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Sunday, February 26, 2012 1st Sunday of Lent Pastor Dena Williams Denver, Colorado The Holy Gospel according

to the Community of St. Mark in the 1st Chapter Glory to you, O Lord 1:9 In those days Jesus came from Nazareth of Galilee and was baptized by John in the Jordan. 1:10 And just as he was coming up out of the water, he saw the heavens torn apart and the Spirit descending like a dove on him. 1:11 And a voice came from heaven, "You are my Son, the Beloved; with you I am well pleased." 1:12 And the Spirit immediately drove him out into the wilderness. 1:13 He was in the wilderness forty days, tempted by Satan; and he was with the wild beasts; and the angels waited on him. 1:14 Now after John was arrested, Jesus came to Galilee, proclaiming the good news of God, 1:15 and saying, "The time is fulfilled, and the kingdom of God has come near; repent, and believe in the good news." Lost His Ass in the Bargain A farmer and his son were driving their mule to a fair in a neighboring town in order to sell him. They had not gone far when they met a bunch of women gathered around a well, talking and laughing. ³Look there,´ cried one of the women, ³did you ever see such fellows, trudging along the road on foot when they could be riding the mule?´ The farmer heard the women, and wanting to please, made his son mount the mule,

while he continued to walk happily by his side. Presently they came upon some old men engaged in serious debate. ³There,´ said one of the men, ³that proves what I was saying. Young people do not respect their elders anymore. See that lazy boy riding the mule while his father has to walk? Get down, young man, and let your father rest his weary legs!´ Upon hearing this, and wanting to please, the old man made his son dismount, and got on the mule himself. They had not gone much farther when they met some women and children, ³Why, you lazy fellow,´ cried several at once, ³how can you ride upon the beast, while that poor little boy there can hardly keep pace beside you?´ The farmer, wanting to please the women and children, immediately pulled his son up behind him on the mule. Now, they had almost reached the fair. Some citizens of the town saw them coming. ³Well, my friend,´ asked a citizen, ³does that mule you¶re riding belong to you?´ ³Yes,´ replied the man. ³Well, I surely would not have thought so!´ replied the citizen. ³You and your son have him so loaded down! Why, you two are better able to carry the poor beast than he is to carry the two of you.´ ³Anything to please,´ said the man. So, he and his son got down from the mule. They tied the mule¶s legs together, around a pole, and with the mule hanging upside down, they raised him to their shoulders to carry him over the bridge into the town. This strange sight attracted a huge crowd of people, laughing and pointing and making fun.

The mule, frightened by the noise of the crowd and most uncomfortable from being carried upside down, broke the cords that bound him, tumbled off the pole, and fell into the river below. The man, ashamed, took his son and headed for home, convinced that by endeavoring to please everyone, he had pleased no one, certainly not himself, and lost his . . . mule . . . in the bargain. The people of God begin their journey through forty days of Lent. They are tempted by the devil, tempted to please the people they meet on their journey, the ones who say: ³Ignore the needs of others. Your wants and needs are most important. Don¶t worry about the poor, the lonely, the sick. Ignore those new people in the congregation. What makes you comfortable is most important.´ The people of God are tempted, they are tempted to tend to their own comfort, their own wants and needs, first and foremost. They are tempted to please others. They are tempted, but they remember the story, the real story that Jesus told of his days in the wilderness. They remember how Jesus was tempted, how Jesus, fully human, defied the devil. How Jesus overcame his fully human desire to be comfortable, and powerful, and most important and in control. The people remember how Jesus remembered who he really is, a child of God. The people remember how Jesus remembered that God called him by name,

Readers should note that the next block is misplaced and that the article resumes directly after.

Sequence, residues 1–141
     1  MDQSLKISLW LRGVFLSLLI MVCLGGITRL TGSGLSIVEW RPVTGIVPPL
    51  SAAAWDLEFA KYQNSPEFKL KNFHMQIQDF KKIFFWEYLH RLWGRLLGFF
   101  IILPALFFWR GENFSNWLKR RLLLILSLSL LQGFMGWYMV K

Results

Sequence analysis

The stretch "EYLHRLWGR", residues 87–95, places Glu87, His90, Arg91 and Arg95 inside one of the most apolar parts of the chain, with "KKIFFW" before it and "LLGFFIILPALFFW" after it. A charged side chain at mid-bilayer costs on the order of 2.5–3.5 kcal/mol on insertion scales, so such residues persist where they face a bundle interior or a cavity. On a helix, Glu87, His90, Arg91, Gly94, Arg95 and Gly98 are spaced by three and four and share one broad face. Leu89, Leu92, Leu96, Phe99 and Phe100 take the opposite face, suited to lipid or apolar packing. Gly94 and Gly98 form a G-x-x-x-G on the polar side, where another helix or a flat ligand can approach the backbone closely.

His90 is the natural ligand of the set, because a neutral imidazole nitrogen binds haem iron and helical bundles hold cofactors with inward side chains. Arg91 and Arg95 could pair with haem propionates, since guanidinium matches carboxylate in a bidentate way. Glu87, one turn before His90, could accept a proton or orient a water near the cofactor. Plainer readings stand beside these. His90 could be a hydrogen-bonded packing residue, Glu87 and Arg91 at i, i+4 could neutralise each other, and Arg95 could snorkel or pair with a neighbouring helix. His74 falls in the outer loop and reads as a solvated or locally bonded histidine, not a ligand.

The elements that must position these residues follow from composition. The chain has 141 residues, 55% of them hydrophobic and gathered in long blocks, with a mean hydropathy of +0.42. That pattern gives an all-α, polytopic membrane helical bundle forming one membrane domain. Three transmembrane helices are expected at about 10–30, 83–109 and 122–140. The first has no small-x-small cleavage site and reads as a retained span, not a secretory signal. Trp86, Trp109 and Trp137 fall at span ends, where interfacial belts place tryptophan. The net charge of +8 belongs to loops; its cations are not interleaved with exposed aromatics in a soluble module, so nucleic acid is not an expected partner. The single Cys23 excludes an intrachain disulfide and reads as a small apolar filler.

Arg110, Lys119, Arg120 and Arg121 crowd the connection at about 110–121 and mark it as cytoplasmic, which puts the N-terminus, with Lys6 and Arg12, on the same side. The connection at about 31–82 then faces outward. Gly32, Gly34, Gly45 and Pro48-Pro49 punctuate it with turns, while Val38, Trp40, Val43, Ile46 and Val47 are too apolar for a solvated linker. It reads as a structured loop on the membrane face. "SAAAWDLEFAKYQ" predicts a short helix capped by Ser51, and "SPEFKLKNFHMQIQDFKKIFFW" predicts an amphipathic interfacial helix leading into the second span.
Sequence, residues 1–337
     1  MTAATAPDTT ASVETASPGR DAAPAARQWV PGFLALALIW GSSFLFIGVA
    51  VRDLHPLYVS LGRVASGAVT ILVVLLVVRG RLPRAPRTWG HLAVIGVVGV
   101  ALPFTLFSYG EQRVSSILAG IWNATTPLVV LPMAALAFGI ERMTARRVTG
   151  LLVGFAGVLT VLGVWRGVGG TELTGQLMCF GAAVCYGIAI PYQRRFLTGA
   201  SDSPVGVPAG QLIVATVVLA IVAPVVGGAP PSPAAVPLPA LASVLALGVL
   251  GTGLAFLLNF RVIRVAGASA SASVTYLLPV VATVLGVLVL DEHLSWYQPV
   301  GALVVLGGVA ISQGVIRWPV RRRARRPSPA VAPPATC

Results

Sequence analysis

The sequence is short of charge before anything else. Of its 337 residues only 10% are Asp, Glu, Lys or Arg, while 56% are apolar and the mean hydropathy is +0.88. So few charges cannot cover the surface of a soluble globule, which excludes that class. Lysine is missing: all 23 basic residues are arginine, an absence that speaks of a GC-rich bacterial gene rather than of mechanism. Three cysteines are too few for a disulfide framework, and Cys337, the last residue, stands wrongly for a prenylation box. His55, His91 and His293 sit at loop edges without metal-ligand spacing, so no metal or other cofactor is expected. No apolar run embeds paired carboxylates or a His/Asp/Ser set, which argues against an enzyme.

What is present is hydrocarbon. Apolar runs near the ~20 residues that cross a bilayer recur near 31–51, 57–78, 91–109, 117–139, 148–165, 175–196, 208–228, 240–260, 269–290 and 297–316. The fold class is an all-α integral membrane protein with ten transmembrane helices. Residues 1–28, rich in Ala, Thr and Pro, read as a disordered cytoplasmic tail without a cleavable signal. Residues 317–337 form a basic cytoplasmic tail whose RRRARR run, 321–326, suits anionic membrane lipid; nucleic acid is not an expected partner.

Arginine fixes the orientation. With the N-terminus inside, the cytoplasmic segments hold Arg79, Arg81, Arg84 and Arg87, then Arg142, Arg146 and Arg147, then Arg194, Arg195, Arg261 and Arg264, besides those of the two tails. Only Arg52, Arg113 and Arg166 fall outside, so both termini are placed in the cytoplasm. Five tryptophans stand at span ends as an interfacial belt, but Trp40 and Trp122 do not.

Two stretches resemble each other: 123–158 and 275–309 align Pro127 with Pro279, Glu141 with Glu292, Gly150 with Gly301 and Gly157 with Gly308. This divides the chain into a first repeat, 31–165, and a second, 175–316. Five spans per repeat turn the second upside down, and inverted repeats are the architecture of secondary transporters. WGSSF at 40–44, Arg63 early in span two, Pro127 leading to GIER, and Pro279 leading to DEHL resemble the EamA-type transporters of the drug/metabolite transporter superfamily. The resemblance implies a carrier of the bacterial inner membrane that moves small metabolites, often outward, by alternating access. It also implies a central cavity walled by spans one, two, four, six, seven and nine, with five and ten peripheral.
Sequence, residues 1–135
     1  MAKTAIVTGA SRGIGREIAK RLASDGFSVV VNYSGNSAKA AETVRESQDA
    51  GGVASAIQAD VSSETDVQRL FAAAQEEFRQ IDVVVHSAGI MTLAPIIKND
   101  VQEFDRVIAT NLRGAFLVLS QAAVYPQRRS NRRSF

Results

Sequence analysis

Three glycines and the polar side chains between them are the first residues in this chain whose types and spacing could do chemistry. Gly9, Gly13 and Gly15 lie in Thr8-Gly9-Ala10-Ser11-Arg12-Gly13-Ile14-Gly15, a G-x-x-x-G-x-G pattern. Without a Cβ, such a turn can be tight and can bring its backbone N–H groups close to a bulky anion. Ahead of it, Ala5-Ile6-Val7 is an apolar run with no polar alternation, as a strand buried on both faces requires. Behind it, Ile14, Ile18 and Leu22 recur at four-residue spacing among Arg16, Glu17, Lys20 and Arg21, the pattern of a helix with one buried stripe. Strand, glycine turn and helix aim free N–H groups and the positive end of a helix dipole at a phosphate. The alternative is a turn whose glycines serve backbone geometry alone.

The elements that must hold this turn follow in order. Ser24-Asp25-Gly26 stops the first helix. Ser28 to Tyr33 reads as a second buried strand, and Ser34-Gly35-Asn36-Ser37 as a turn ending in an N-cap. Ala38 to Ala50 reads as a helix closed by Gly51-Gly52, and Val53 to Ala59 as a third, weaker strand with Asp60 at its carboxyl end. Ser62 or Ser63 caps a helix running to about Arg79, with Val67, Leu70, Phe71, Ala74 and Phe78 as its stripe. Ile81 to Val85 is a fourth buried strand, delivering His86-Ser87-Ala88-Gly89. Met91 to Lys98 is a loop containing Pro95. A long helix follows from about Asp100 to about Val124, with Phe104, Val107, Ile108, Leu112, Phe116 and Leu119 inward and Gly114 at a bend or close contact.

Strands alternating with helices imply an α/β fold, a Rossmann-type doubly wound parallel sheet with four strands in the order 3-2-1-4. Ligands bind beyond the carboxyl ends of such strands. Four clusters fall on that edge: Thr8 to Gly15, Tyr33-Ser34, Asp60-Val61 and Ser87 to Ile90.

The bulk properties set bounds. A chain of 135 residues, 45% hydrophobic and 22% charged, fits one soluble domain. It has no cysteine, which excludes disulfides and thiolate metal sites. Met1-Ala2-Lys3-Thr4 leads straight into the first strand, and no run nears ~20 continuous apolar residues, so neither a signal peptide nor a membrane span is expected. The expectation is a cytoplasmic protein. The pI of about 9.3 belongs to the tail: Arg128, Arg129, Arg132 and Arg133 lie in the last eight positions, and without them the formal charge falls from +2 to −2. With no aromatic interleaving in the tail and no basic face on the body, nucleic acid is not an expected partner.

called him Son of God, how Jesus resisted the temptation to please the devil, to take care of himself first, to conform to the expectations of others at the cost of the rest of humanity. The people remember and as they begin their forty days in the wilderness of Lent, they journey with joy. They remember how the angels came and cared for Jesus. They remember and they know that they are children of God, that they will never be lost or forsaken, even in the wilderness of their lives. In thanksgiving for God¶s love and mercy toward them, the people reach out to share God¶s love at home, in the world, and in their community of faith. The people reach out, invite others to join them on their joyful journey. The people encourage one another to follow Jesus through the wilderness of life, remind one another that there is a Son of God, the Saviour of the world lives, and because he lives we live also. At the end of their journey, The people have no regret. They have not wasted the forty days of their journey in the wilderness, seeking their own comfort, trying to please the devil, trying to please only themselves or everyone else they meet along the road of life. Instead, they remember they are children of God. They remember their call to reach all people with God¶s love. And they have no regrets. They have not lost their . . . mule, or their soul, or their life. And they hear God say,

³You are my sons and daughters, my beloved, with whom I am well pleased.´ Amen